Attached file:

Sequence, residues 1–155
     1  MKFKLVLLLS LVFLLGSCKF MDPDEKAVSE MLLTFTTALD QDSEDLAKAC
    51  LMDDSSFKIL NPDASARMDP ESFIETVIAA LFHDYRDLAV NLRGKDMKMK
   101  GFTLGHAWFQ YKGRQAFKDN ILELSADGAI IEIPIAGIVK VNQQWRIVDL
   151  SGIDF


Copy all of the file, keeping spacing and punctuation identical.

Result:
Sequence, residues 1–155
     1  MKFKLVLLLS LVFLLGSCKF MDPDEKAVSE MLLTFTTALD QDSEDLAKAC
    51  LMDDSSFKIL NPDASARMDP ESFIETVIAA LFHDYRDLAV NLRGKDMKMK
   101  GFTLGHAWFQ YKGRQAFKDN ILELSADGAI IEIPIAGIVK VNQQWRIVDL
   151  SGIDF